FDA Approves Rucaparib for Recurrent Ovarian Cancer Maintenance Therapy

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The FDA has granted approval of rucaparib for maintenance therapy in patients with recurrent epithelial ovarian, fallopian tube, or primary peritoneal cancer.

The US Food and Drug Administration (FDA) has granted approval of rucaparib (Rubraca; Clovis Oncology) for maintenance therapy in patients with recurrent epithelial ovarian, fallopian tube, or primary peritoneal cancer, specifically in those who are in complete or partial response to platinum-based chemotherapy.

“This FDA approval provides a meaningful advancement for the treatment of women with recurrent ovarian cancer, offering them the potential to reduce their risk of disease progression following platinum-based chemotherapy,” said Clovis Oncology president and CEO Patrick J. Mahaffy, in a press release. “We are grateful that the FDA expedited review of this maintenance treatment indication, so that physicians can begin offering it to appropriate patients beginning today.”

The FDA granted a priority review to rucaparib for this indication in December 2017. The agent was previously approved in December 2016 for the treatment of ovarian cancer specifically associated with BRCA mutations, in women who had received at least two prior chemotherapy regimens. The new approval is granted regardless of BRCA mutation status.

The approval is based on results of the ARIEL3 trial, which were published in September 2017 in the Lancet. In that randomized, double-blind, placebo-controlled, phase III trial, 561 patients with recurrent epithelial ovarian, fallopian tube, or primary peritoneal cancer who were in complete or partial response to platinum-based chemotherapy were treated with either rucaparib 600 mg orally twice daily (372 patients) or to placebo (189 patients).

In the full patient population, the median progression-free survival (PFS) was 10.8 months with rucaparib, compared with 5.4 months with placebo, for a hazard ratio (HR) of 0.36 (95% CI, 0.30–0.45; P < .0001). In patients with deleterious somatic or germline BRCA mutations, the benefit was larger, with a median PFS with rucaparib of 16.6 months compared with 5.4 months with placebo, for an HR of 0.23 (95% CI, 0.16–0.34; P < .0001). Patients with positive homologous recombination deficiency (HRD) status had a median PFS of 13.6 months with rucaparib, compared with 5.4 months with placebo, for an HR of 0.32 (95% CI, 0.24–0.42; P < .0001).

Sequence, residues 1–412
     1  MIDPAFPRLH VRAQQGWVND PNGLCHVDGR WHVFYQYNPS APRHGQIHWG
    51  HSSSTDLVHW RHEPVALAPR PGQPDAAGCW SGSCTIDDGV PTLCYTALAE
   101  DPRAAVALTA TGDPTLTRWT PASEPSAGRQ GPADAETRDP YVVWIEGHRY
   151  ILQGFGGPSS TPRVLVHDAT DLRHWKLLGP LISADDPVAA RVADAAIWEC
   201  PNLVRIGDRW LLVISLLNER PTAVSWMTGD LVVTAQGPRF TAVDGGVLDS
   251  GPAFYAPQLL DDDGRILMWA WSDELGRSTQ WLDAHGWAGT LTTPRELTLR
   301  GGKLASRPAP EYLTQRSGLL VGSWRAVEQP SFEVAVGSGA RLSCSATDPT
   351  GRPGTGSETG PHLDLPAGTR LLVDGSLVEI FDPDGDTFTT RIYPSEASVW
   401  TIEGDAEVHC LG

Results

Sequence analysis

The FDA also approved a complementary diagnostic test, FoundationFocus CDxBRCA LOH, to determine HRD status.

The most common adverse events associated with rucaparib in the ARIEL3 trial included nausea, fatigue, abdominal pain/distension, rash, and others. In total, 15% of rucaparib patients discontinued therapy due to adverse events, compared with 2% of placebo patients.

Robert L. Coleman, MD, of the University of Texas MD Anderson Cancer Center in Houston, was among the lead investigators of the ARIEL3 trial, and he noted in the press release that the benefit was seen across subgroups regardless of BRCA mutation status. “Both the efficacy and safety results from the ARIEL3 study reinforce the important role of Rubraca in the treatment of recurrent ovarian cancer and expands the treatment options for patients and physicians battling this disease,” he said.

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